Climate - Nov 3
Click on the headline (link) for the full text.
Many more articles are available through the Energy Bulletin homepage
Nordic Nations Sound Alarm Over Melting Arctic
Alister Doyle, Reuters
OSLO - Nordic nations sounded the alarm on Wednesday about a quickening melt of Arctic ice and said the thaw might soon prove irreversible because of global warming.Sweden, Finland, Denmark, Norway and Iceland also urged all governments to agree before the end of 2009 a broader U.N. plan to curb greenhouse gases in succession to the Kyoto Protocol.1101 06
“The Arctic and the world cannot wait any longer,” environment ministers from the five nations said in a joint statement after talks in Oslo. The five all have Arctic territories.
“The climate is hurtling towards a turning point after which irreversible processes will have been set in motion,” they said of the Arctic thaw.
(1 November 2007)
Also at Common Dreams.
Australian researchers report on health effects of climate change
Health researchers tackle climate change Eminent Australian scientists are preparing a report to highlight the health implications of global warming in Australia.
A panel of 10 scientists, brought together by Research Australia, will profile Australian health and medical research into environmental health issues that are likely to emerge or worsen due to climate change.
Led by Professor Tony McMichael of the Australian National University in Canberra, the report will cover emerging research in areas such as:
- The impact of climate change on the spread of infectious disease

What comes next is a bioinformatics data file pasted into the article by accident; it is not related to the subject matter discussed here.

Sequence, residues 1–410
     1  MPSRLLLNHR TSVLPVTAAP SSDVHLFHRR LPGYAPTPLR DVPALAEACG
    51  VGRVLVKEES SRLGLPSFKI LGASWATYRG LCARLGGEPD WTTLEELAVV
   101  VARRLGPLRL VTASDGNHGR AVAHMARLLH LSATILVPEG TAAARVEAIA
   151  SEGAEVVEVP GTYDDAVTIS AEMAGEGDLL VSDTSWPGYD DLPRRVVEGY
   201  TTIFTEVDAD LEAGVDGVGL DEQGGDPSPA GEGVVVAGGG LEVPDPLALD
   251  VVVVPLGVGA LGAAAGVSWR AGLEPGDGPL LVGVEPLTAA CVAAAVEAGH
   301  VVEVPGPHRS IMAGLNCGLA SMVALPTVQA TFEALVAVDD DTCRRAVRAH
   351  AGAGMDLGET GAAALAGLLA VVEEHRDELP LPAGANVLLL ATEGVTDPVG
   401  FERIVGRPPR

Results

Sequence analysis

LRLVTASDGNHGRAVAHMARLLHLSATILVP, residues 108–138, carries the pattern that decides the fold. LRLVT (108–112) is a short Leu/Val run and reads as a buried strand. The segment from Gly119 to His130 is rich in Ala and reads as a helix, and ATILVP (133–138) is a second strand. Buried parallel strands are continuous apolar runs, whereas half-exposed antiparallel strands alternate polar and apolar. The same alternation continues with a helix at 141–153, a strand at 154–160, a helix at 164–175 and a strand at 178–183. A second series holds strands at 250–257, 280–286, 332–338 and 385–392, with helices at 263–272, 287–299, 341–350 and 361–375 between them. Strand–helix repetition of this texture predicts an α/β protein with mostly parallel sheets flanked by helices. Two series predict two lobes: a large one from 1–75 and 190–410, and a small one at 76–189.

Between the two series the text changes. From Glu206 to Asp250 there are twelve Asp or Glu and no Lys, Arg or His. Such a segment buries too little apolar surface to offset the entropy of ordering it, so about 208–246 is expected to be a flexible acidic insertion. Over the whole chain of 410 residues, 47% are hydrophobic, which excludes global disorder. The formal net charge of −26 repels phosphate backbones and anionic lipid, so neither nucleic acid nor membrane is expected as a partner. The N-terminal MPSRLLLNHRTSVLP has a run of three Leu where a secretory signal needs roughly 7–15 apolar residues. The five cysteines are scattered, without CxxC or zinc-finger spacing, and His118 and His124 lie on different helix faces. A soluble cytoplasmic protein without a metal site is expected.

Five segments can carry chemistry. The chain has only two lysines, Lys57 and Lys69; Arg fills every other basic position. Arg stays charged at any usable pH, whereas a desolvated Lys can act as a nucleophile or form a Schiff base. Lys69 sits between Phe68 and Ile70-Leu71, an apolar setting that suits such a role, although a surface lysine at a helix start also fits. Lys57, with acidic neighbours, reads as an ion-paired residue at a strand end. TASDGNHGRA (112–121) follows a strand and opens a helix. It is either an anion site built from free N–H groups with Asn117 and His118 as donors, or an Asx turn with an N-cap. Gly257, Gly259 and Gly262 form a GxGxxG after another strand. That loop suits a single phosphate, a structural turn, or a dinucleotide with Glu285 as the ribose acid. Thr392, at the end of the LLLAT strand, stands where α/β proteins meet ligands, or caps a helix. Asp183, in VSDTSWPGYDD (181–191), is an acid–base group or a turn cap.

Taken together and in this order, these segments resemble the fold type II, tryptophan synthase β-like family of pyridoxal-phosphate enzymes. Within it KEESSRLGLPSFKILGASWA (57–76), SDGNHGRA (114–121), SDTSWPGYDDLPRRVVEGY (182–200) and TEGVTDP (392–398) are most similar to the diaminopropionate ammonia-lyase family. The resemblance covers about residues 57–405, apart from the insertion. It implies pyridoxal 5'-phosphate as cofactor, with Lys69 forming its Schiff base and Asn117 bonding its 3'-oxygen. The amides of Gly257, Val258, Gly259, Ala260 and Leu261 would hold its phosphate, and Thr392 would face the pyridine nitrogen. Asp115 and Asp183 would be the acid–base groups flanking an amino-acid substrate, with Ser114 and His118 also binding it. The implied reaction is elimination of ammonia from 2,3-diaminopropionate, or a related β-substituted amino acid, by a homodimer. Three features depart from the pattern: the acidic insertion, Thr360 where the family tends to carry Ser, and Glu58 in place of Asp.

- Climate change, water supplies and health
- Asthma and climate change
- The effects of climate change on mental health
- The relationship between energy use, climate change and obesity
- Heat extremes and mortality
Research Australia CEO, Rebecca James, said the potential health impacts of climate change are significant.
“Scientists are now turning their attention to the possible health implications of climate change. They are raising new and challenging questions,” Ms James said.
“This report will provide evidence, projections and predictions from leading Australian scientists to help focus debate and guide funding and research priorities.
“Climate change is more than a local, direct-acting, environmental issue. The health risks are wide-ranging, and extend into the future. More research is needed to understand the full impact of this type of large-scale environmental change on our health, and ways of minimising the health, social and economic costs associated with global warming.”
The report will be released in October 2007 in the lead-up to Research Australia’s “Thank You” Day on November 20, 2007.
Now in its fifth year, Research Australia’s “Thank You” Day raises community awareness of the importance of health and medical research in our everyday lives.
Research Australia is a unique national alliance of over 190 member and donor organisations with a common mission to make health and medical research a higher national priority. For more information on Research Australia visit www.researchaustralia.org
(Report October 2007; Press release posted July 23, 2007)
The report has just been released as a 17-page PDF: Healthy planet, places and people at risk
Suggested by Paul Roth.
Smoking in the Greenhouse
Tar sands growth makes meeting Kyoto targets less likely
Yuill Herbert, The Dominion (Canada)
...Under the Kyoto agreement, Canada is committed to reducing emissions to 563 megatonnes. At current trends, Natural Resources Canada projects Canada's emissions will exceed this level by 36 per cent--or 265 megatonnes--by 2010. By international law, countries that exceed their targets are required to make up the difference, plus an additional 30 per cent, in the next commitment period.
In a detailed analysis, the Pembina Institute concluded in 2005 that oil sands are the single largest contributor to greenhouse gas (GHG) emissions growth in Canada, with a rapidly increasing share of the country's total emissions. Emissions from the oil sands are projected to increase between 450 and 560 per cent between 2003 and 2020.
(29 October 2007)
What do you think? Leave a comment below. See our commenting guidelines.
Sign up for regular Resilience bulletins direct to your email.